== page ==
Greatest Hits lives up to its title, offering the bulk of Tim McGraw's big hits over the course of its 15 tracks. Thankfully, there are no new recordings to bait hardcore fans -- just "Let's Make Love," the duet with Faith Hill that originally appeared on her Breathe album. Consequently, this is one of the rare modern-day incidences of a Greatest Hits that really offers all the hits, and nothing but, which not only makes it a boon to fans, but also makes it the most consistent record in McGraw's catalog.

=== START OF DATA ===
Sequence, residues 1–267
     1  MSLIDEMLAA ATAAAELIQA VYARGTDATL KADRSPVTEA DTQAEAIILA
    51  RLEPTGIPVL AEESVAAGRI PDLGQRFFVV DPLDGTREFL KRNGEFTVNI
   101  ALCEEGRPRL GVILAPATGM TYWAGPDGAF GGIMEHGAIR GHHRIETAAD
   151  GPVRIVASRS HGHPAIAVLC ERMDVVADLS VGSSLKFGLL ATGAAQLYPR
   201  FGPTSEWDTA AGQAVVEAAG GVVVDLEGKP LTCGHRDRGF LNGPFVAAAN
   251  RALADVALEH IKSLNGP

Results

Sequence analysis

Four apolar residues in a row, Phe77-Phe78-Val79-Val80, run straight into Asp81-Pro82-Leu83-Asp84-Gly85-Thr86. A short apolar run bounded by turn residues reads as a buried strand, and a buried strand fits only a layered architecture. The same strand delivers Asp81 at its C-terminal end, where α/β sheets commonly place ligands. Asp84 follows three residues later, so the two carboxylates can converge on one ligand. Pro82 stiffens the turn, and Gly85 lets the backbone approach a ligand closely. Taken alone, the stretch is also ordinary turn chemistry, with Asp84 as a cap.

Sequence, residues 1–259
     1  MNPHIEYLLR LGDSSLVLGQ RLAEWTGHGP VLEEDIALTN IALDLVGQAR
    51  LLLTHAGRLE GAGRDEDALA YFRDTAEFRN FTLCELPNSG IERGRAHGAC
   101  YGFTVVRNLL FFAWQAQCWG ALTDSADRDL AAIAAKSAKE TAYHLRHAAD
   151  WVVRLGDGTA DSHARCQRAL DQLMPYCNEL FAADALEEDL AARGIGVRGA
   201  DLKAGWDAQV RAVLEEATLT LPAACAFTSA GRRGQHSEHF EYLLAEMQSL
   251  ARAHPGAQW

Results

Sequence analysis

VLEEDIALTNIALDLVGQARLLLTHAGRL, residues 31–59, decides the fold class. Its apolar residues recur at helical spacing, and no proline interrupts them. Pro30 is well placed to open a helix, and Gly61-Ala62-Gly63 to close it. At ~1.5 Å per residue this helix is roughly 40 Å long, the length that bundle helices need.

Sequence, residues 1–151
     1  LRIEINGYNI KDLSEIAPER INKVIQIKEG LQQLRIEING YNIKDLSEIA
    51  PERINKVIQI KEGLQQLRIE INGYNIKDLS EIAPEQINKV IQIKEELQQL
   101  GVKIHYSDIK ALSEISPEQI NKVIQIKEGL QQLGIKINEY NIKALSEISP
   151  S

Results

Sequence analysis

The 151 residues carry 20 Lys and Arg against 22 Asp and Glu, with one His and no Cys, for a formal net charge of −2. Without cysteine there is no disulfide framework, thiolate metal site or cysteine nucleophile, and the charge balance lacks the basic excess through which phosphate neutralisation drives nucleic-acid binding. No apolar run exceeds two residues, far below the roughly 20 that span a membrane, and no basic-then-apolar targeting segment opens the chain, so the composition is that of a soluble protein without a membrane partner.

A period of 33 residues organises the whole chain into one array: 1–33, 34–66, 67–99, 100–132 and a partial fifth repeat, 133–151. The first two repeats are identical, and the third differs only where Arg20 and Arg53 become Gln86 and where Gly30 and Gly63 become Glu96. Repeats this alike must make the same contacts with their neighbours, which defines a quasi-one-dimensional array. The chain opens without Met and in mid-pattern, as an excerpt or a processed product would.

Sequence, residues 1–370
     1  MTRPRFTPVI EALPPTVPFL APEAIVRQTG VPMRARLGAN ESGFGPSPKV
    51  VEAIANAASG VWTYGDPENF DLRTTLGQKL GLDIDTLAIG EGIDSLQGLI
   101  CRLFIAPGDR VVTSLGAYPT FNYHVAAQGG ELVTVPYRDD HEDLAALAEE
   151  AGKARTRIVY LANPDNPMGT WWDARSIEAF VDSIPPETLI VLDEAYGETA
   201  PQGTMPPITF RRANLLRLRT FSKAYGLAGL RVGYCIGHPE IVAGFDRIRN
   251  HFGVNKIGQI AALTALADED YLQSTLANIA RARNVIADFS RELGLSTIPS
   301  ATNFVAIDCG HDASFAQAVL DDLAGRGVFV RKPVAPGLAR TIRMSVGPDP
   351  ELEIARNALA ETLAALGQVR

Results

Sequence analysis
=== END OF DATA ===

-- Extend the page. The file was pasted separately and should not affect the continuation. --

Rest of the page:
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For better or worse, McGraw's success marks him as one of the standard-bearers of modern mainstream country, his uptempo material reflecting the melding of '70s rock quotes with hard country thrust, his ballads leaning on the tried-and-true arena rock formula of whispered verses exploding into Wagnerian orchestral choruses. Greatest Hits does an exemplary job of mapping those two poles in McGraw's most successful work. Ten of the album's 15 cuts were No. 1 singles, and three of the four others were Top 10. All in all, it's an impressive representation of the McGraw juggernaut, beginning with his controversial breakthrough single "Indian Outlaw," and encompassing such monster hits as "Where the Green Grass Grows," the Rodney Crowell/Will Jennings power ballad "Please Remember Me," and the powerful duet with his bride Faith Hill, "It's Your Love." Given the reception audiences have afforded McGraw on his sold-out "Soul 2 Soul 2000" tour with Ms. Hill, the near future seems likely to offer more where this came from.